QZ qz thoughts
a blog from Eli the Bearded

Atonement, and long single takes in general

I can watch a film like Atonement and notice that the arrival on the beach during a retreat in the war with its five minute single take meandering through literally thousands of drunk, wounded, hopeful, busy, lazy, working, and singing extras is a massive undertaking to have created. My wife doesn't even realize it is a single take.

How many people really do notice? Is this just some sort of technical masturbation that movie makers do, knowing the people in the industry will notice and it perhaps will help them award time? Or is it something that if not the average movie goer will notice, a reasonable portion will?

I see them, and I appreciate the effort, but I've got to admit this sort of stunt doesn't really seem to help many movies. It, to me, comes across as too artificial and therefore pulls me out of the story to get me focusing on the process. I'll interject by saying, I haven't watched Russian Ark or that Hitchcock film that is entirely single takes (Rope).

It works when it supposed to be artificial, like the opening scene JCVD. It works when it is supposed to convey delirious joy, like the end scene in A Midsummer's Night Dream. In Atonement the intended effect to be total immersion in this sea of humanity in a state of swirling semi-chaos; a stark contrast to the days of near solitary walking the characters have done. Instead what I get from it is "Why the hell is he taking this meandering path through all that, past the horses being put down, past the vehicles being purposfully disabled, looping around a gazebo of soldiers singing to no one in particular?" Some of the things walked past make sense, as a place he might want to go, some of them don't.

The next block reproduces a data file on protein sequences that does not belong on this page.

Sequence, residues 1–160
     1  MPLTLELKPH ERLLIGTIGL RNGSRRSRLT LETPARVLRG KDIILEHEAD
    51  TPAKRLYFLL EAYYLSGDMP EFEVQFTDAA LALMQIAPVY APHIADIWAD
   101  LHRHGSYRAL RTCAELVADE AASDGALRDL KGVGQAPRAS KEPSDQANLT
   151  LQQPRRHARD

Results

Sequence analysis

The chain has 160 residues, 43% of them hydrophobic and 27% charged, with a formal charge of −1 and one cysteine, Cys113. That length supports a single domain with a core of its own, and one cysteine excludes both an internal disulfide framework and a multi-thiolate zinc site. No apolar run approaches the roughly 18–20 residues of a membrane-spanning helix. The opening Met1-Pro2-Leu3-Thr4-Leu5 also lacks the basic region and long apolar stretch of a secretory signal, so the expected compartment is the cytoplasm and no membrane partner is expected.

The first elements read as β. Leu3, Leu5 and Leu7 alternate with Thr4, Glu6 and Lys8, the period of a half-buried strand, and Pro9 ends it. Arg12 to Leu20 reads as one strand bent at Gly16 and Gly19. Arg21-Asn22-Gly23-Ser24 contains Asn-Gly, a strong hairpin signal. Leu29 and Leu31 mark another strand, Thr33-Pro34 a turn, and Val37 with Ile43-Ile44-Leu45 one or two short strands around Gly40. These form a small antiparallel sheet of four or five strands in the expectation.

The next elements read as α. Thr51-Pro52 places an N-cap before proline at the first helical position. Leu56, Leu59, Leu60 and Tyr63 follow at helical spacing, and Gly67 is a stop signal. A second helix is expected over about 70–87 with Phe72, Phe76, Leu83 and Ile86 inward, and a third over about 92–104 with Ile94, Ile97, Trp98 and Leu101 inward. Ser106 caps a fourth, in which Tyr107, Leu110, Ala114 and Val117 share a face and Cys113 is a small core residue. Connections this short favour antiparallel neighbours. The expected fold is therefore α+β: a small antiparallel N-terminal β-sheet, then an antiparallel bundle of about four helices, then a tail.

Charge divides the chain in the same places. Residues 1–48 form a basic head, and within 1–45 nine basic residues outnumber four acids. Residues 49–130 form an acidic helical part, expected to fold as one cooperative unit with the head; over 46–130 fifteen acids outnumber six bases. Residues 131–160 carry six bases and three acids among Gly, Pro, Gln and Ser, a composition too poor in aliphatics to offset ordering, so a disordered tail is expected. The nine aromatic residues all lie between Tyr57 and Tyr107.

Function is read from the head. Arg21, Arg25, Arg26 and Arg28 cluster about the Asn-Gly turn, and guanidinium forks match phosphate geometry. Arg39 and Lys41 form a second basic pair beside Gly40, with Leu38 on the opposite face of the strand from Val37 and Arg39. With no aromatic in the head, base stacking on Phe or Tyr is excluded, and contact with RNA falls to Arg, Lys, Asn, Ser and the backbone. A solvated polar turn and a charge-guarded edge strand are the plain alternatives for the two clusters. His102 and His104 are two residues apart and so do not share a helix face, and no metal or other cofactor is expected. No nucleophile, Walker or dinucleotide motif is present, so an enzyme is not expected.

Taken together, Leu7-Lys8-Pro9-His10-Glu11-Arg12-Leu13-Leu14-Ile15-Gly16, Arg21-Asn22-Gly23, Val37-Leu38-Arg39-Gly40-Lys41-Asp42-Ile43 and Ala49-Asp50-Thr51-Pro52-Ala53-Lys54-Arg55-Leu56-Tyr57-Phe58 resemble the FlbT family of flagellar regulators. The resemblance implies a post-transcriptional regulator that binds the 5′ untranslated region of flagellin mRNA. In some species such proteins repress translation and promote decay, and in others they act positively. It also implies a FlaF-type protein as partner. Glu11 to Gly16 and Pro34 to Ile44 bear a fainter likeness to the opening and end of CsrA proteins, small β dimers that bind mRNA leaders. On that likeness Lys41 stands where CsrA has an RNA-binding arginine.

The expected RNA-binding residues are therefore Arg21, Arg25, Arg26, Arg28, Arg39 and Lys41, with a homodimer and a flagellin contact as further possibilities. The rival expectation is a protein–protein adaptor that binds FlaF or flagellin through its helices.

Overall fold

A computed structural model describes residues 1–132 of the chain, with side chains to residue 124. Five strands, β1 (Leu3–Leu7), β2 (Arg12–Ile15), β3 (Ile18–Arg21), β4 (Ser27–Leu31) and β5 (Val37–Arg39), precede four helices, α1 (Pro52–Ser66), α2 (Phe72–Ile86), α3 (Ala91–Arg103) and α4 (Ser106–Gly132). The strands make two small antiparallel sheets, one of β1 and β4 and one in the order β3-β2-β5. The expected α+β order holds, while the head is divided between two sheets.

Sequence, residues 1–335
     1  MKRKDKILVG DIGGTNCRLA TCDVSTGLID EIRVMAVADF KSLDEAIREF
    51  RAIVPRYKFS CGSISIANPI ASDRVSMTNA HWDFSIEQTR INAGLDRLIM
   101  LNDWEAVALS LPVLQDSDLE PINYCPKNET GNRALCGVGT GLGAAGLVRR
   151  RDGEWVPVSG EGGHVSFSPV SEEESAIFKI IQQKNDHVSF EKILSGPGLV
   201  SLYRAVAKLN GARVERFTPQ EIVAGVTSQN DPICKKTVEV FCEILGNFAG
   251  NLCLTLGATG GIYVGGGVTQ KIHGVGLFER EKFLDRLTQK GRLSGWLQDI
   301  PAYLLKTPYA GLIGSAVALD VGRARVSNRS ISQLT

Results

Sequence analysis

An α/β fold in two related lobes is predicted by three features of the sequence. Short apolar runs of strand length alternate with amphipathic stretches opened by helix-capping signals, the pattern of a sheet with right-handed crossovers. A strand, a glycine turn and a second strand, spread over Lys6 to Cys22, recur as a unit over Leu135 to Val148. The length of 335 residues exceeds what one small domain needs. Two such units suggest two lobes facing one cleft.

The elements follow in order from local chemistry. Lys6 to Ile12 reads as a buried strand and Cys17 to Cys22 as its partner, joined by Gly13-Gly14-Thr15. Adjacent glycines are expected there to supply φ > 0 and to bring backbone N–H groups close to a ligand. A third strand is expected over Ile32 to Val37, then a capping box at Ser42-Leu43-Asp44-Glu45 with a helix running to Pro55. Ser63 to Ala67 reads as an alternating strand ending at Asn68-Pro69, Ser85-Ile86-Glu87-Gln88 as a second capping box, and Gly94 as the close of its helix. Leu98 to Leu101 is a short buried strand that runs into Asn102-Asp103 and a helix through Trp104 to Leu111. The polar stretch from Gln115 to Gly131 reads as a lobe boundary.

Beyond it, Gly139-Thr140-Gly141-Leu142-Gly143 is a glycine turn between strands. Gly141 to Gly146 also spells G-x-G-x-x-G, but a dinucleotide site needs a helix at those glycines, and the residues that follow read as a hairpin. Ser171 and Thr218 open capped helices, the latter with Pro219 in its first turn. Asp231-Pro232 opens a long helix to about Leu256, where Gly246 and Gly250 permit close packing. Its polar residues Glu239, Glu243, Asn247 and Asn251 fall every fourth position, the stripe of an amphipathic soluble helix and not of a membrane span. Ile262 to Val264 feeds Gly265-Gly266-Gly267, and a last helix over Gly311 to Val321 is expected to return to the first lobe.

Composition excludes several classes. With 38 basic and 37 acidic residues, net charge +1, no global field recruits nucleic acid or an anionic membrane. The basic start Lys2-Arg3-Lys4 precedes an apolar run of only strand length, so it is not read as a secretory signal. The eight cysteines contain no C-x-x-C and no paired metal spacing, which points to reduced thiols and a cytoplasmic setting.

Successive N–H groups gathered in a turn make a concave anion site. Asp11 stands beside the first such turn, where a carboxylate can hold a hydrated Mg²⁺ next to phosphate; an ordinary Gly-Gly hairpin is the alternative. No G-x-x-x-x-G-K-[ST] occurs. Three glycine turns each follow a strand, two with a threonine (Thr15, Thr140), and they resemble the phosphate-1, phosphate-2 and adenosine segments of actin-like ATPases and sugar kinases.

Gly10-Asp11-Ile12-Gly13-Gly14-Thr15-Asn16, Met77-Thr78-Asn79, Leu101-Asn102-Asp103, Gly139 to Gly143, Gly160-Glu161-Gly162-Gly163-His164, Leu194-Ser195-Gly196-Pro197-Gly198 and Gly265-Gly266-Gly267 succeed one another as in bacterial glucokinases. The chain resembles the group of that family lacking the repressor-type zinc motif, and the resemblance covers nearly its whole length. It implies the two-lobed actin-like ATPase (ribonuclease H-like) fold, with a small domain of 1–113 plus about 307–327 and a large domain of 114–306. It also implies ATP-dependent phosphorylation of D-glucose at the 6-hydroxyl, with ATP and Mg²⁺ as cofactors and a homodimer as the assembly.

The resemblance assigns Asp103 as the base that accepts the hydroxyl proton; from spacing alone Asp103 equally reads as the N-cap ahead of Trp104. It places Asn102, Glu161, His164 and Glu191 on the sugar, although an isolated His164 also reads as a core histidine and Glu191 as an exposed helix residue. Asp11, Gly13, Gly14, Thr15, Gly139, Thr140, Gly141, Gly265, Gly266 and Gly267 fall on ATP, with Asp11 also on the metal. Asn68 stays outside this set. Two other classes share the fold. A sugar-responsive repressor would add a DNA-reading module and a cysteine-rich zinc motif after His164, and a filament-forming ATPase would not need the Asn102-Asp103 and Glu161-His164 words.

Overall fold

So anyway, it's hard to comment about the impressions I get from most of the story in Atonement without spoilering the ending. I'll just hang my review here on the single take. Too much of the film is narrated from the point of view of ambiguous viewers for me to feel comfortable with this being Briony's story, but it is Briony's atonement (or hope thereof) that gives us the title.

Visually the film is impressive, if somewhat questionable about authenticity. Briony is the only character shown at multiple distinct ages, and they've done a good job matching actors and looks. (But how many senior citizens really are wearing their hair the same way they were at 18 and at 13?)

Three horses shot point blank on the beach out of five.

Final thought: no imdb links today because their website just says "D'oh" for me